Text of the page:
How Do Cannabinoid Receptors Work?
What follows is an easy to understand explanation of all the “sciencey” things surrounding the pharmacology of cannabinoid receptors.
The talk about the medical benefits of cannabis can get bogged down in a technical jargon that can obscure lay people’s understanding of how the plant affects the human body. In an effort to build a bridge between the impenetrable academic speak of research papers and the curious consumer, here is a plain-spoken account of one of the most talked about aspects of medical cannabis: the cannabinoid receptor. What are they and how do cannabinoid receptors work?
What are Cannabinoid Receptors?
It’s a special place within certain cell membranes that allows the human body to feel the effects of cannabinoids. Think of them like a car ignition, and cannabis is the key. Without the ignition, the key is useless. But together, they can take you places.
There are many kinds of receptors throughout the human body, which each allow for specific kinds of molecules to act upon us. For example, opioid receptors are what allow drugs like morphine and hydrocodone to alleviate pain.
Cannabinoid receptors can be technically classified as opioid receptors, but only because the term is now applied to a wide variety of receptors—not only those that work with opiates. The grouping makes a certain kind of pragmatic sense. After all, in areas where cannabis is legal, opioids prescriptions fall. In at least some senses, the two are interchangeable.
CB Receptors are Part of the Human Body’s Endocannabinoid System.
This is a subunit of the central nervous system. We currently know of two kinds: CB1 receptors and CB2 receptors. The receptors have different properties, and interact with both the agents (cannabinoids) and the body in unique ways.
CB1 receptors appear throughout the central nervous system, though mostly concentrated in the brain. (They specifically appear in the cerebral cortex, amygdala, cerebellum, globus pallidus, substantia nigra and thalamus) but can also be found in peripheral tissue of the heart, lungs, gut, adrenal glands and reproductive organs.
CB1 receptors are what interact with the THC (tetrahydrocannabinol) within cannabis, the plant’s psychoactive ingredient. CB1 receptors allow people to get high off of the THC in cannabis. Without them, cannabis wouldn’t create experiences of euphoria.
Just Looking at its Location Gives a lot of Clues to its Function.
Their centrality in the brain explains why cannabis affects humans the way it does. It explains the plant’s ability to affect our memory, motor function and cognition. It’s also why cannabinoids have similar properties to opiates.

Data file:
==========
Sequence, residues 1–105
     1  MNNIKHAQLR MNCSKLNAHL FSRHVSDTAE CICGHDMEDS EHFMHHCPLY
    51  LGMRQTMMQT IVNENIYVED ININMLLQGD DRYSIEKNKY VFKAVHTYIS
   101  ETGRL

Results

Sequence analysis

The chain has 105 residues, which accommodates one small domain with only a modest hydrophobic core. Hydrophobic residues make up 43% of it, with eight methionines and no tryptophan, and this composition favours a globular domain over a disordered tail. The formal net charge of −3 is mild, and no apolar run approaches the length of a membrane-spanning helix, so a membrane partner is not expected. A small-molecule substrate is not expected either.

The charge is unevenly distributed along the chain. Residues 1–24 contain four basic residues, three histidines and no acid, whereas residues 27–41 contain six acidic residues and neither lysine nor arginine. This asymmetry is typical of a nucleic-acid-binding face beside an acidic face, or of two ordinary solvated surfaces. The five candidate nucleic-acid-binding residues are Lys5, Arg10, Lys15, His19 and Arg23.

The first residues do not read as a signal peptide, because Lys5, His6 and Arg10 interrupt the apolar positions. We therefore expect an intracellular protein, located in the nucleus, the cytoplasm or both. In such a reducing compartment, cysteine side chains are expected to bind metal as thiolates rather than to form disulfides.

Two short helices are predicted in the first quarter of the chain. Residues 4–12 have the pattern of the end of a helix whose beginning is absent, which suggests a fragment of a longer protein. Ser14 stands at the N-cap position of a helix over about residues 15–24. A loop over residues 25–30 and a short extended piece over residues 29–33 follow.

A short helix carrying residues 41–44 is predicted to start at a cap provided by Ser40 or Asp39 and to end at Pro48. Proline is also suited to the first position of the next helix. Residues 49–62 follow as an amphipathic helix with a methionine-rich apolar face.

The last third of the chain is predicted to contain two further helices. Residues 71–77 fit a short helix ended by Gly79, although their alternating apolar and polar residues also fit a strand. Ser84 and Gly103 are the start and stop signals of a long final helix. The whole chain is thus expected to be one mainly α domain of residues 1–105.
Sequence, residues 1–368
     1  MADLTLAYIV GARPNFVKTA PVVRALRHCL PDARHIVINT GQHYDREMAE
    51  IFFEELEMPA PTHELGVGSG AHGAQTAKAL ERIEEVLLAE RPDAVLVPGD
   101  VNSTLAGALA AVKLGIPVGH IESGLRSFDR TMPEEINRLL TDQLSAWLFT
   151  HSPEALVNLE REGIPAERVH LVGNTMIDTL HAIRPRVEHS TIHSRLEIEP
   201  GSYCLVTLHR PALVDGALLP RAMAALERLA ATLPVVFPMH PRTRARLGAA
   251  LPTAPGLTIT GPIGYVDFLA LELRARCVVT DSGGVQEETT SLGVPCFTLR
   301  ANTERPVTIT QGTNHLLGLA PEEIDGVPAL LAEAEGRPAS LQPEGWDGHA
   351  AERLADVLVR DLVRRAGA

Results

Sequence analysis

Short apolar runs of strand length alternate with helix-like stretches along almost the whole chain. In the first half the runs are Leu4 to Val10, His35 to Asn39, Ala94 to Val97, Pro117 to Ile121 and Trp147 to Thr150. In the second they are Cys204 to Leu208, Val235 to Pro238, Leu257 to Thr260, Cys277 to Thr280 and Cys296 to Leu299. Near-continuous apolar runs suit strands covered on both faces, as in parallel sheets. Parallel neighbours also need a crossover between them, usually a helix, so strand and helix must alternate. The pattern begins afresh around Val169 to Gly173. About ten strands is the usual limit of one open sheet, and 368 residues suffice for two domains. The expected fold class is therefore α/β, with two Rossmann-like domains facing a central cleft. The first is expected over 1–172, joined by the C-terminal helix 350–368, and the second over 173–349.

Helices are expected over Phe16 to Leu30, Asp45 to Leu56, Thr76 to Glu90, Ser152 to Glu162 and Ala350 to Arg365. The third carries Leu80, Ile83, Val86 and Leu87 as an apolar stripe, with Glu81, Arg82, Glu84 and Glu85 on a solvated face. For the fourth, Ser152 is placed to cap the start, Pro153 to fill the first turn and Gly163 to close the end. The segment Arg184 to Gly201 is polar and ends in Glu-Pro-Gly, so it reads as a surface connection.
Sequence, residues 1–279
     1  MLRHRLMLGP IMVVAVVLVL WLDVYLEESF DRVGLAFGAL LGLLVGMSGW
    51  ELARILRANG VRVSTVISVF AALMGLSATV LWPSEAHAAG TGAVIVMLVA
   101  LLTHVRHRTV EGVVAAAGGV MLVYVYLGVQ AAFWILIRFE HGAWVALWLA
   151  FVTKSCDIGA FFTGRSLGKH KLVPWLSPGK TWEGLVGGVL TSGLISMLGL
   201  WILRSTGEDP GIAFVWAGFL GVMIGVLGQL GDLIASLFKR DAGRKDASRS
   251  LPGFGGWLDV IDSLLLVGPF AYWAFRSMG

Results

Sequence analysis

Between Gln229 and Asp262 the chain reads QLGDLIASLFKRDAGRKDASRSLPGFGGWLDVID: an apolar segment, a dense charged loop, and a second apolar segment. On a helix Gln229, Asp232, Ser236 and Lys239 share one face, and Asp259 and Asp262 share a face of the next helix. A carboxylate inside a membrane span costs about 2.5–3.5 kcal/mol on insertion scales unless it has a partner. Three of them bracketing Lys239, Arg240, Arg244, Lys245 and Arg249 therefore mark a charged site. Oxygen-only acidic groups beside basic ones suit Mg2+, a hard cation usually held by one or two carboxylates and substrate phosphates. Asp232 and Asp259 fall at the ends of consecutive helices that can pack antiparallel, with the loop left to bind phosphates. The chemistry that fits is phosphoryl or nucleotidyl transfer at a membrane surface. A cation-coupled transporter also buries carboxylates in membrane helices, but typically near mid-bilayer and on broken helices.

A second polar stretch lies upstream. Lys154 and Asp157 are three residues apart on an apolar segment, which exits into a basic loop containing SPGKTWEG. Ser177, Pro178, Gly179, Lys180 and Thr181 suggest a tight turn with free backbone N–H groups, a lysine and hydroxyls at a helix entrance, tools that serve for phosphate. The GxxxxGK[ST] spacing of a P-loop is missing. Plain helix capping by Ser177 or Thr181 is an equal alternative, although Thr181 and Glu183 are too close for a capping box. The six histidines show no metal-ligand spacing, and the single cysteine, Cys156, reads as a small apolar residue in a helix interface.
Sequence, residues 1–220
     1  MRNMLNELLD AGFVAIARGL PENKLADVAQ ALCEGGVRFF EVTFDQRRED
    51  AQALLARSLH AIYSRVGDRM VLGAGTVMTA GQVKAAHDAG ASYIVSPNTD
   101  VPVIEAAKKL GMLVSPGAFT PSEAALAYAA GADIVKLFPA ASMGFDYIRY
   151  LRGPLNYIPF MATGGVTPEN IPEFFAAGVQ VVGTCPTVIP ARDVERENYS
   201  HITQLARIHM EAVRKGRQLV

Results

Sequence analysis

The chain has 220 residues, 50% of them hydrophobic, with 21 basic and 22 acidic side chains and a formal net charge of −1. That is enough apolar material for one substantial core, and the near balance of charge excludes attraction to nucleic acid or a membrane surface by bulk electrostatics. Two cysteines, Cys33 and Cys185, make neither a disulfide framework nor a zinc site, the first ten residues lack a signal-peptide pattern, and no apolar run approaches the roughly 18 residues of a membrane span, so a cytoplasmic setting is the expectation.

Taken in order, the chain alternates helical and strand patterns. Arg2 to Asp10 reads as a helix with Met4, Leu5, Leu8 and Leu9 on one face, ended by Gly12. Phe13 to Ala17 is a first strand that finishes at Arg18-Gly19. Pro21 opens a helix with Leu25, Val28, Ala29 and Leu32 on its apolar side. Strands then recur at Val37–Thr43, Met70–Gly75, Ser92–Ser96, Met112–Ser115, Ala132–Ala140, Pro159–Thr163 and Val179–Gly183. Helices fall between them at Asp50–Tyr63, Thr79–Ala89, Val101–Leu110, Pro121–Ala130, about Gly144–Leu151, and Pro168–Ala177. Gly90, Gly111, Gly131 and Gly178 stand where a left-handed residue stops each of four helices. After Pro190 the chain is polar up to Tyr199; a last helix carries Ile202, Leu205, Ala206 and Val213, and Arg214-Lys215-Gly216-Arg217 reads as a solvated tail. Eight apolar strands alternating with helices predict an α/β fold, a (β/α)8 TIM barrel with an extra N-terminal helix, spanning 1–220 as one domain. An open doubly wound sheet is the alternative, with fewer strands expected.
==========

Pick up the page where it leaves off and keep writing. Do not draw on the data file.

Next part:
CB2 receptors, however, are primarily located in the body’s immune cells and therefore have slightly different function than CB1 receptors. While CB2 receptors also appear in the brain, they mostly appear in the microglia, a type of active immune defense cell that operates as the body’s first line of defense.
CB2 More Specifically
Instead, they’re the active location of cannabis’s immune-boosting properties. The ways in which cannabis can affect cancer, for instance, occur thanks to how the CB2 receptors receive and interpret the active ingredients within the plant.
CB2s are also the cause of the anti-inflammatory effects, thanks again to their location on white blood cells. Specifically, CB2s appear on killer cells and B-cells. Killer cells have apt names; they’re the body’s first defense against cells carrying viral infection. B cells, on the other hand, are lymphocytes. They fight off infections by secreting antibodies or attaching to disease-causing cells (called antigens) and killing them.
Each CB1 and CB2 receptor is more different than alike, with 44 percent uniformity, but so far science hasn’t been able to distinguish very well between them. That’s mostly a product of their relatively recent discovery.
The endocannabinoid system itself wasn’t discovered until the 1980s, and the specific CB receptors weren’t cloned for another decade. At first, scientists believed all cannabinoids interacted strictly through the CB1 receptor. This was the belief until CB2’s discovery and its subsequent cloning in the mid 1990s.
Since then, science has been teeming with theories and possible lines of research to discover more about each receptor. Some scientists have even posited that there may be more kinds of cannabinoid receptors in the human body, and that in the future we will recognize subtypes of these receptors.